Francisella tularensis is a highly infectious pathogen that can be acquired by the aerosol route. As such, it has been classified as a Category A select agent by the CDC. No licensed vaccine is available for protection against infection by this organism. Genomic approaches, relying heavily on microarray development and analysis, will be key to unlocking the mysteries concerning the virulence of the organism, as well as the response of the host, during infection. This Core will be focused on support for all of the Projects in this PO1 application with the following aims:
Aim 1 is construction and utilization of a F. tularensis Schu4 oligonucleotide microarray; and, Aim 2 is support services to the program project for DNA sequencing, oligonucleotide production, and other nucleic acid detection/analytical functions (e.g., Real Time PCR and Typhoon Imaging system). With the support of this Core, the individual projects will lead to novel discoveries in the fields of Francisella pathogenesis and immunity.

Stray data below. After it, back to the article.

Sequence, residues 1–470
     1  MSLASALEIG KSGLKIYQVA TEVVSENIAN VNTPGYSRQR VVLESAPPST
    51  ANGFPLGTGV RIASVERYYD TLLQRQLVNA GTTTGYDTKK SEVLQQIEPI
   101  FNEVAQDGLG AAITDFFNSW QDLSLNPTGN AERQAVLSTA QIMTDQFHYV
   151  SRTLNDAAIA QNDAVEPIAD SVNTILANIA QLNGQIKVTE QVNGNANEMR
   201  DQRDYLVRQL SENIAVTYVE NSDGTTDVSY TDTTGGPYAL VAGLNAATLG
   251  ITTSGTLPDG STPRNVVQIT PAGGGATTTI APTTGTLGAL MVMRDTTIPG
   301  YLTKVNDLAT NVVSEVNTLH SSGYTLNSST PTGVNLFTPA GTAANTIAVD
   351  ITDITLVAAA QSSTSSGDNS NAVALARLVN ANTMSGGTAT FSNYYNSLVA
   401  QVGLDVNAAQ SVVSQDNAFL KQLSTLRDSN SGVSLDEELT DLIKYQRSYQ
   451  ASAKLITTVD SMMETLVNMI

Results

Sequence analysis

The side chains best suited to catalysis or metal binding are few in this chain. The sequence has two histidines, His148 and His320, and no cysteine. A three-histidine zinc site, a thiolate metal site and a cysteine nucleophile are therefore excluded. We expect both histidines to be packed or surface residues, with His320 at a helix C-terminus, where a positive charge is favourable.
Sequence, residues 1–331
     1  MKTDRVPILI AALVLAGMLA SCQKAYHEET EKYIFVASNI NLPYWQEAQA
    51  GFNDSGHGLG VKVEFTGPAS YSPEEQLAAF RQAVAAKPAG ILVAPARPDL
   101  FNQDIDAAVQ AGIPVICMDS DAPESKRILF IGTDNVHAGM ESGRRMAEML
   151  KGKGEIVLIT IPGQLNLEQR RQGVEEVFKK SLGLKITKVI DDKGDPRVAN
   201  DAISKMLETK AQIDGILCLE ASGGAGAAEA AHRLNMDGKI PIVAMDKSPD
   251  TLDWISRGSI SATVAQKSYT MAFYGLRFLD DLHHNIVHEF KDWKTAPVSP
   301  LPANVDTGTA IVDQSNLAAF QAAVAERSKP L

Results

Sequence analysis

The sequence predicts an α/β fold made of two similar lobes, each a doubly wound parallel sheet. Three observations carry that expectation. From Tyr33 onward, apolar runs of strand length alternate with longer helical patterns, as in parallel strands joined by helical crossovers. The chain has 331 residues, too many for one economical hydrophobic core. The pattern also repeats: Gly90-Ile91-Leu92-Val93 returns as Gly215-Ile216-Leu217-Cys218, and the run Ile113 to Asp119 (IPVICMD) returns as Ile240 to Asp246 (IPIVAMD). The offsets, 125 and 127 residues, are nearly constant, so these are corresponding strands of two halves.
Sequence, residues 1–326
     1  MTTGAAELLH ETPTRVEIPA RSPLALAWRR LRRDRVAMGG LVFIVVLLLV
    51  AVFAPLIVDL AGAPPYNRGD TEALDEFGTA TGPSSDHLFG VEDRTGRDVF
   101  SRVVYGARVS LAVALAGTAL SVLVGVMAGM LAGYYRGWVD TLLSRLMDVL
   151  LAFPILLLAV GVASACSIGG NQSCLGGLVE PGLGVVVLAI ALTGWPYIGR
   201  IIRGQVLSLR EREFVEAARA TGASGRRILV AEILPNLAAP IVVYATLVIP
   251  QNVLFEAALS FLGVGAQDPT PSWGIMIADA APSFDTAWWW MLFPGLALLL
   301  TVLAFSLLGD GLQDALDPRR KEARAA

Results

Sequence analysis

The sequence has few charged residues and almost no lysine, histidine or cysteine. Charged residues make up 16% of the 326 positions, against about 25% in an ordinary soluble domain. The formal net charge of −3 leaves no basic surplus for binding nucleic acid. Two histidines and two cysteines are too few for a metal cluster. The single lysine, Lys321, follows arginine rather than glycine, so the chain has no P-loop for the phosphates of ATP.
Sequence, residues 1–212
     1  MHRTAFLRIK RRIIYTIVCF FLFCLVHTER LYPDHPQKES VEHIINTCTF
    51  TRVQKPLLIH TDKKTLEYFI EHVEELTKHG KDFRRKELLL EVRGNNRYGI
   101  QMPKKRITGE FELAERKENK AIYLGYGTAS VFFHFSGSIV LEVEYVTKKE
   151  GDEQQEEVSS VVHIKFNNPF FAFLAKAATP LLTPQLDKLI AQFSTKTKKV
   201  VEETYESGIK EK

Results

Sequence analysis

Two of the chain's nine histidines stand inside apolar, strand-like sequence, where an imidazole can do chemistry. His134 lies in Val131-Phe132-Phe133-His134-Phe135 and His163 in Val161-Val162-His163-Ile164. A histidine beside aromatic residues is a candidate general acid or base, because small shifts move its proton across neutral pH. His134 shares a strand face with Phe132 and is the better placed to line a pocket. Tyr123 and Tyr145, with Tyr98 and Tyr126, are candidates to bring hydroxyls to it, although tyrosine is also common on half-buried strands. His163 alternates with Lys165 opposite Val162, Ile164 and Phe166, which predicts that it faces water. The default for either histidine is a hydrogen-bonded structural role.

National Institute of Health (NIH)
National Institute of Allergy and Infectious Diseases (NIAID)
Research Program Projects (P01)
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Special Emphasis Panel (ZAI1)
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University of Texas Health Science Center San Antonio
San Antonio
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Hunter, Colleen; Rodriguez, Annette; Yu, Jieh-Juen et al. (2012) Comparison of bone marrow-derived and mucosal mast cells in controlling intramacrophage Francisella tularensis replication. Exp Biol Med (Maywood) 237:617-21
Segovia, Jesus; Sabbah, Ahmed; Mgbemena, Victoria et al. (2012) TLR2/MyD88/NF-?B pathway, reactive oxygen species, potassium efflux activates NLRP3/ASC inflammasome during respiratory syncytial virus infection. PLoS One 7:e29695
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